Advent penance service tonight – prepare your heart

Advent penance service - 7 pm - Dec. 11, 2017 - St. Joseph Catholic Church - FT. Collins - CO - 80521 - LPI graphic

Prepare your heart for the coming of Jesus. Join us for an Advent Penance service tonight at 7 p.m. There will be several priests to hear your confession, and through the authority of Jesus, absolve your sins. Our God is a Merciful God! Alleluia!

Penance service helps worshipers experience the gift of God’s boundless mercy

Penance is an experience of the gift of God’s boundless mercy. Not only does it [the Sacrament of Penance] free us from our sins but it also challenges us to have the same kind of compassion and forgiveness for those who sin against us. We are liberated to be forgivers. We obtain new insight into the words of the Prayer of St. Francis: “It is in pardoning that we are pardoned.”

Jesus entrusted the ministry of reconciliation to the Church. The Sacrament of Penance is God’s gift to us so that any sin committed after Baptism can be forgiven. In confession we have the opportunity to repent and recover the grace of friendship with God. It is a holy moment in which we place ourselves in his presence and honestly acknowledge our sins, especially mortal sins. With absolution, we are reconciled to God and the Church. The Sacrament helps us stay close to the truth that we cannot live without God. “In him we live and move and have our being” (Acts 17:28).
United States Conference of Catholic Bishops

Christmas Masses, Advent worship

christmas masses - st joseph catholic church - ft collins - co - 80521 - graphic by liturgical publicationsPlease join us for Christmas Mass! Note that the 4th Sunday of Advent and Christmas Eve fall on the same day this year.

For your worship planning:

All are welcome to an Advent Marian Concert by celebrated singer-songwriter Julie Carrick, following the 5 p.m. Mass, Sun., Dec. 3. Details: http://www.stjosephfc.org/advent-evening-music-reflection/

We will offer a Penance service 7 – 9 p.m., Monday, Dec. 11.

We will celebrate the 4th Sunday of Advent, which is the regular Sunday obligation:

4 p.m., Sat., Dec. 23;
7:30 a.m., 9:30am, 11:30am,
Sun. Dec. 24.
There is no 5 p.m. Mass Dec. 24.

Christmas Masses

Christmas Eve:
4 p.m., Sun., Dec. 24 in the church, Meredith Hall and school gym.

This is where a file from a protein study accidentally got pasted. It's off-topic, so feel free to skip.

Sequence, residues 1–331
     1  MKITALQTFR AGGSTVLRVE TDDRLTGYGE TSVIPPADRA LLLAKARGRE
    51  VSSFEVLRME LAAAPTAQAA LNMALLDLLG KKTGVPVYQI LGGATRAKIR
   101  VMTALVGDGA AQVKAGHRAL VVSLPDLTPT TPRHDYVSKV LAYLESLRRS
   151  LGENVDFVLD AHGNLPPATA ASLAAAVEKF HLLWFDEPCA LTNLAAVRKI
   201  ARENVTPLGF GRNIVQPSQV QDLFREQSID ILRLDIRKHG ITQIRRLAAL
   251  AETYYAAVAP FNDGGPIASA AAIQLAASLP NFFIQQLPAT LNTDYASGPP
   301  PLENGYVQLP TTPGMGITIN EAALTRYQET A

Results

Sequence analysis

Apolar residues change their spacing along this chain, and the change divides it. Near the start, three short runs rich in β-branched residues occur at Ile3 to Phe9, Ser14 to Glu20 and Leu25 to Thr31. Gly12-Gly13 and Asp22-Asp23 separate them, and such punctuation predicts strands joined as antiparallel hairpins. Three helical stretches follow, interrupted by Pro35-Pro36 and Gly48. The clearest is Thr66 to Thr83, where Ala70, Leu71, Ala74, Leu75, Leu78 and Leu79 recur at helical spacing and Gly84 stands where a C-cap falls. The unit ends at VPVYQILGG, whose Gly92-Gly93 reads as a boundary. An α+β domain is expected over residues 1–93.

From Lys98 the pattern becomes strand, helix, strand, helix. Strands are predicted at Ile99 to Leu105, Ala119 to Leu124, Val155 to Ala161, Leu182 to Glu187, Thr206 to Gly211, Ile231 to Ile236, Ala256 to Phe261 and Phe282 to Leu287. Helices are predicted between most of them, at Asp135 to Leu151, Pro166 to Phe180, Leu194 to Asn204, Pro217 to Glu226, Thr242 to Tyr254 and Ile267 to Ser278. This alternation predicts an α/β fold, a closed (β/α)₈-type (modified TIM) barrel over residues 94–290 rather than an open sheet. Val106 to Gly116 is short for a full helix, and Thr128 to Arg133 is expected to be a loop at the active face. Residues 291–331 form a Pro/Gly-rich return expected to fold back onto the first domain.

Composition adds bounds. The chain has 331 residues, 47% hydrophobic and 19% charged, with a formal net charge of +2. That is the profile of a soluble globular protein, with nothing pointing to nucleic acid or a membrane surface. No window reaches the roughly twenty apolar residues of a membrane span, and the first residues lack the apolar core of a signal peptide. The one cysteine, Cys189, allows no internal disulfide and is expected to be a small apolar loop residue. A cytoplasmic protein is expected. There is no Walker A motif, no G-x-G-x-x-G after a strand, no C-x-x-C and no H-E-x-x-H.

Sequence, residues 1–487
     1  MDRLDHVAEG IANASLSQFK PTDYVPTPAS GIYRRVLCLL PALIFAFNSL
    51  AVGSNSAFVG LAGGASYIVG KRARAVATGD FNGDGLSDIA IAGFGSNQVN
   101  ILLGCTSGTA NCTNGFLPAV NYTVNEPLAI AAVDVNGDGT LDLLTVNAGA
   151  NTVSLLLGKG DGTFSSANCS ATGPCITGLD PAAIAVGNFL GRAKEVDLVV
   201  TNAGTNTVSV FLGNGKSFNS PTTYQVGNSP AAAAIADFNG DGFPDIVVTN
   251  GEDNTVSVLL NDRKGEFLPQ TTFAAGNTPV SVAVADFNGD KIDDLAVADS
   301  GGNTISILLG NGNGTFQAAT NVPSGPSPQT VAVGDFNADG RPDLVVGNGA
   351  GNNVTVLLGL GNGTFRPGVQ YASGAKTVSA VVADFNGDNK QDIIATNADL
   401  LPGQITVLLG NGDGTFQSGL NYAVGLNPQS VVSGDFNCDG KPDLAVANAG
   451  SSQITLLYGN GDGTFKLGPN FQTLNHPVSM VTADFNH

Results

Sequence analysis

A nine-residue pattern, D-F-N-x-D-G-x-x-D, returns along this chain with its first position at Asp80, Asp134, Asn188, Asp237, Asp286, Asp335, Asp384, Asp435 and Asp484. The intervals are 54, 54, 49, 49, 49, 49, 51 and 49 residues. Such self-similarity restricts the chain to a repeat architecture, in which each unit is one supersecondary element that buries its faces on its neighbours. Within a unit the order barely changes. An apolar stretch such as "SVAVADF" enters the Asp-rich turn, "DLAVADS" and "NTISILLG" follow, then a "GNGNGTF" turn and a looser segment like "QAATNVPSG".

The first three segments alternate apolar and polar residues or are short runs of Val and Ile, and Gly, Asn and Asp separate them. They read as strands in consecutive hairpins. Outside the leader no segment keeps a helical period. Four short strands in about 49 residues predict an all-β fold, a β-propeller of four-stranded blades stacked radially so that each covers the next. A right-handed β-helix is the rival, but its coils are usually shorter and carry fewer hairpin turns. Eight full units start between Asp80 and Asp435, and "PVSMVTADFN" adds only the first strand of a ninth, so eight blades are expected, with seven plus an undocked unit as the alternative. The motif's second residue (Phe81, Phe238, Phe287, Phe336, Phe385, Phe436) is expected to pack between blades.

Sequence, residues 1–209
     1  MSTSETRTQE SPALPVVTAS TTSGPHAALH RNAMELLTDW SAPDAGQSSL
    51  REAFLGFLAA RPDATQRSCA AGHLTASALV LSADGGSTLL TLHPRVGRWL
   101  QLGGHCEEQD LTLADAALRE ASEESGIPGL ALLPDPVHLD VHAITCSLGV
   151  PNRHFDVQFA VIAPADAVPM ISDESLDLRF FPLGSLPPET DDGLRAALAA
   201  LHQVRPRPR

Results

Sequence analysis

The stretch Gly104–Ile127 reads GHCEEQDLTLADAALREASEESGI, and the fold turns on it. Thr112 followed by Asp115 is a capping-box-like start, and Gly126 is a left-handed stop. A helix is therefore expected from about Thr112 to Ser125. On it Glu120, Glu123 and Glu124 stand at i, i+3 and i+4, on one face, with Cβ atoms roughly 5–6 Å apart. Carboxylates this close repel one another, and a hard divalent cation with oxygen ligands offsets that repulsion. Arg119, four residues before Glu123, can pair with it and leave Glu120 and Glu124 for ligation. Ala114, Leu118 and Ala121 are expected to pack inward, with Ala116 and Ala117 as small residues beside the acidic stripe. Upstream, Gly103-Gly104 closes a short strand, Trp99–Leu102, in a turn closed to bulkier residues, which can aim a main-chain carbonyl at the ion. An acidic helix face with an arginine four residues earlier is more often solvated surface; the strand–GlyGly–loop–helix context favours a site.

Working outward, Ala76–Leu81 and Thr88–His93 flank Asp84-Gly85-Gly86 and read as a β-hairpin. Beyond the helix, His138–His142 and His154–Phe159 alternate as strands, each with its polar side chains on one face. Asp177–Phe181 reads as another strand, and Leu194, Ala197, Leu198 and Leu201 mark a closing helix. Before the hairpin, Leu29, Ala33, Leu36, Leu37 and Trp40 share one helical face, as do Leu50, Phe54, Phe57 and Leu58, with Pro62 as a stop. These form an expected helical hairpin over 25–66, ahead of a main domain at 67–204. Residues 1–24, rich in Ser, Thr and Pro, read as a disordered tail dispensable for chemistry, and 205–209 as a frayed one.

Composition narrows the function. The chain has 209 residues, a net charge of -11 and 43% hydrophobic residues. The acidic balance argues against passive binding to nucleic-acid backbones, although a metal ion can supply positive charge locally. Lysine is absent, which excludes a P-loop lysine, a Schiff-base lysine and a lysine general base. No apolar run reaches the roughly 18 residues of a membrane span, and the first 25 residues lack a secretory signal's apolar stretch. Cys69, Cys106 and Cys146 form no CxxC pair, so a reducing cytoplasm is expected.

6 p.m., 8 p.m., and Midnight, beginning with caroling at 11 p.m., Sun., Dec. 24, in the church.

Christmas Day:
7:30 a.m., 9:30 a.m., 11:30 a.m., Dec. 25, all Masses in the church.

Thanksgiving message: USCCB president decries immigration policies, offers gratitude for gift of immigrants

WASHINGTON— Cardinal Daniel N. DiNardo of Galveston-Houston, president of the U.S. Conference of Catholic Bishops (USCCB), offers a Thanksgiving Day message to the nation with special gratitude for the gift of immigrants and refugees:

As we do every year, we will pause this coming Thursday to thank God for the many blessings we enjoy in the United States. My brother bishops and I, gathered last week in Baltimore, were attentive in a special way to those who are often excluded from this great abundance—the poor, the sick, the addicted, the unborn, the unemployed, and especially migrants and refugees.

My brothers expressed a shared and ever-greater sense of alarm—and urgency to act—in the face of policies that seemed unthinkable only a short time ago: the deportation of Dreamers, young hard-working people who should be the lowest priority for deportation; the anxiety and uncertainty of those with Temporary Protected Status from countries like Haiti, El Salvador, and Honduras, which are still recovering from natural disasters and remain ill-equipped to humanely receive and integrate them; and an unprecedented reduction in the number of people we will welcome this year into our country who seek refuge from the ravages of war and religious persecution in their countries of origin.

One common feature of all these developments is their tendency to tear apart the family, the fundamental building block of our, or any, society. These threats to so many vulnerable immigrant and refugee families must end now. My brothers have urged me to speak out on their behalf to urge the immediate passage—and signature—of legislation that would alleviate these immediate threats to these families.

“Another common feature of these policies is that they are symptoms of an immigration system that is profoundly broken and requires comprehensive reform.”

Another common feature of these policies is that they are symptoms of an immigration system that is profoundly broken and requires comprehensive reform. This is a longer-term goal, one that the bishops have advocated for decades to achieve, and one that must never be overlooked. Only by complete reform will we have the hope of achieving the common goals of welcoming the most vulnerable, ensuring due process and humane treatment, protecting national security, and respecting the rule of law. We are committed to such reforms and will continue to call for them.

So this year, I give thanks for the gift and contributions of immigrants and refugees to our great nation. I also pray that next year, families now under threat will not be broken and dispersed, but instead will be united in joy around their tables, giving thanks for all the blessings our nation has to offer.

Have a Happy Thanksgiving all!

http://www.usccb.org/news/2017/17-225.cfm